The pruners, guided by many years of experience, employ a different strategy for each vine in each vineyard parcel. In areas of low vigour, for example, they will reduce the number of fruit-bearing buds. This ensures that the yields of each vine are controlled in order to produce grapes of absolutely optimum quality. Each year, therefore, this strategy is altered depending on the present and previous year’s conditions. It is a dynamic process, designed in real time according to the needs of each vine.

Such individual care and personal attentiveness to the vines is unparalleled anywhere else in the world.

How the right glass perfects a wine.

Riedel glass tasting at Graham’s Lodge

Georg Riedel, the 10th generation of crystal glass makers in his family, held a unique tasting at Graham’s Lodge last week revealing how the shape of the wineglass influences the flavours and aromas of the wine.

The tasting showcased Riedel’s innovative Grape Varietal Specific range of glasses and was hosted at the Lodge by Portfolio Vinhos, distributors of Graham’s Port and Riedel’s glassware in Portugal.

By guiding participants through a tasting of three grape varieties, Touriga Nacional, Cabernet and Pinot Noir, Georg Riedel illustrated the crucial role that the glass plays in showing the wine at its best.

The reason for this is that the aromas of the wine are conveyed differently depending on the design of the glass and the size of its aperture: different varieties express themselves best in glasses of different shapes. Georg Riedel illustrated this by leading a tasting of the wines first in the same plastic mug, in which their characteristics were dulled and their individual expressiveness reduced. When in the glass specifically designed for them, however, each wine sang strongly and in its own unique way.

Likewise, the size of the aperture determines exactly where on the palate the wine is directed. The human palate has specific areas for sensing each of the principle components of taste. The right glass allows the natural balance of the wine’s flavours to be properly felt.

Georg Riedel held another tasting with us in Portugal a couple of years ago in a quest to discover the perfect glass to drink Vintage Port from.

Do you have any thoughts? Send us a comment.

Here's proof that the wild boar still roam in the Douro.

Wild Boar in the Vineyards at Graham’s Quinta do Vale de Malhadas

Walking through the vineyard parcel at Quinta do Vale de Malhadas early the other morning we came across proof of the infamous Douro wild boar. Proof, amidst the winter landscape, of this regions important biodiversity, which has a particular stronghold at Vale de Malhadas because of the 112 hectares of native scrubland that is conserved as a natural wilderness.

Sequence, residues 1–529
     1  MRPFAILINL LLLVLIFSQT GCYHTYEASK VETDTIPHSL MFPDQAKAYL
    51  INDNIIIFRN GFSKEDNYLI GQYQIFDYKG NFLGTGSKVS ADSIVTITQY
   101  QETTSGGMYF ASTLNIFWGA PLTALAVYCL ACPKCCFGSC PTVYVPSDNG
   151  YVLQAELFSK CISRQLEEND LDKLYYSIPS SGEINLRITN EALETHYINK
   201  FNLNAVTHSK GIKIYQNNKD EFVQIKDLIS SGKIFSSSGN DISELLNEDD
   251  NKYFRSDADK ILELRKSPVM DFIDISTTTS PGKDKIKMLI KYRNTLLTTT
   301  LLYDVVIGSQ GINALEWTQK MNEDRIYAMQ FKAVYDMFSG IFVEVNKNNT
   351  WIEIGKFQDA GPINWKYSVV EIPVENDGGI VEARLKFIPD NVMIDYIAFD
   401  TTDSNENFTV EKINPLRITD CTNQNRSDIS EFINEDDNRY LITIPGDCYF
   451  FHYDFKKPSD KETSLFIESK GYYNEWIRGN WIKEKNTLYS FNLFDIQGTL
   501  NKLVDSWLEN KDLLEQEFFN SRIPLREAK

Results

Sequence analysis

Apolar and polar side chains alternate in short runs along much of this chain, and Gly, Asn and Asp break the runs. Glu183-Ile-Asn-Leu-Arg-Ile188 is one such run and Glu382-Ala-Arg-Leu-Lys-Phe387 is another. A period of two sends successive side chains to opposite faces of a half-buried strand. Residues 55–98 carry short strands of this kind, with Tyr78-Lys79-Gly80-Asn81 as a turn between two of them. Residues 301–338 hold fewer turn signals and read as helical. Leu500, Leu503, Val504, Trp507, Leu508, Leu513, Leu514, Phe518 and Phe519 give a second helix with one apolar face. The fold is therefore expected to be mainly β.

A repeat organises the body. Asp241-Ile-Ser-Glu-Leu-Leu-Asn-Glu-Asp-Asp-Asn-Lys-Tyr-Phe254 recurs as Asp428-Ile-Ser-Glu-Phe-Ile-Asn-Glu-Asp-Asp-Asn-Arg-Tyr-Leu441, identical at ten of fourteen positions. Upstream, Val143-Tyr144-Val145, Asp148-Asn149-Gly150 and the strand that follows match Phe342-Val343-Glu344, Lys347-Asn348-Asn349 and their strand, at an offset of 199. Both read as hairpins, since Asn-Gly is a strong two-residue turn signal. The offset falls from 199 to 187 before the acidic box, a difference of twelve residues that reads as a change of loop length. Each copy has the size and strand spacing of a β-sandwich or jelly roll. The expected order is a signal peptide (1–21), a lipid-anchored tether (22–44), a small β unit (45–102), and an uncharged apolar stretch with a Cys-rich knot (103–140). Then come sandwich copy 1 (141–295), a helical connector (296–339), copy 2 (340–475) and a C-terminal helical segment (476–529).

The mud on the track had frozen in the early hours of the morning preserving the hoof-prints of the wild boar that had passed through during the night.

These boars are native to the Douro and are often hunted. They can cause a lot of damage to property and vineyards, since they tend to forage with their tusks, digging up the earth like a plough.

In fact, our vineyards have previously been the victims of such damage.

Establishing new vineyards on the steep mountainsides of the Douro is a long and difficult process.

Making new patamares vineyards at Quinta da Vila Velha

Graham’s Quinta da Vila Velha is in one of the Douro’s prime locations for growing top quality Port grapes. It is almost directly opposite Graham’s Quinta dos Malvedos but with its northerly aspect (being on the south side of the river) it produces wines with a distinctively different character from those of its neighbour.

For the last few months Mário Natário, Graham’s viticulturist managing this estate, has been overseeing the construction of the new earth-banked terraced vineyards, called patamares in Portuguese, which are being constructed in the vineyard parcel known as Merouços, high up near the top of the ridge.

We have decided to plant new Touriga Nacional vines in this parcel in the first few months of this year. This is partly because there is not currently a lot of Touriga Nacional planted at Vila Velha but chiefly because this particular parcel of vineyard has the potential to produce remarkable Touriga Nacional grapes.

The quality of this vineyard is immediately apparent from the colour of the soil. It is much darker, richer in organic matter and higher in clay content than many other vineyards in the region. It is at a relatively high altitude for a Douro vineyard at an average of 300 metres.

At this altitude, with the slightly cooler conditions and northerly aspect of the vineyard, the Touriga Nacional will achieve lighter, more fragrant and more aromatic characteristics compared to the richer and riper qualities that the same variety achieves in low-lying parcels next to the river. The difference really is astonishing when the two are compared in a blind tasting.

This parcel will therefore add a new component to the array of wines from which our winemakers make Graham’s Vintage Ports. The wines produced from this vineyard will bring more ethereal notes, complementing the opulence of the wines from Graham’s other great vineyards and enhancing the harmony and complexity of the wine.

The quality of Vila Velha’s vineyards is such that when the Symington family joined forces with Bruno Prats of Bordeaux to make the premier wine Chryseia and its second cousin Post Scriptum, Mr. Prats specifically chose selected parcels of Vila Velha’s vineyards for the Chryseia each year.

Crafting one of life's great traditions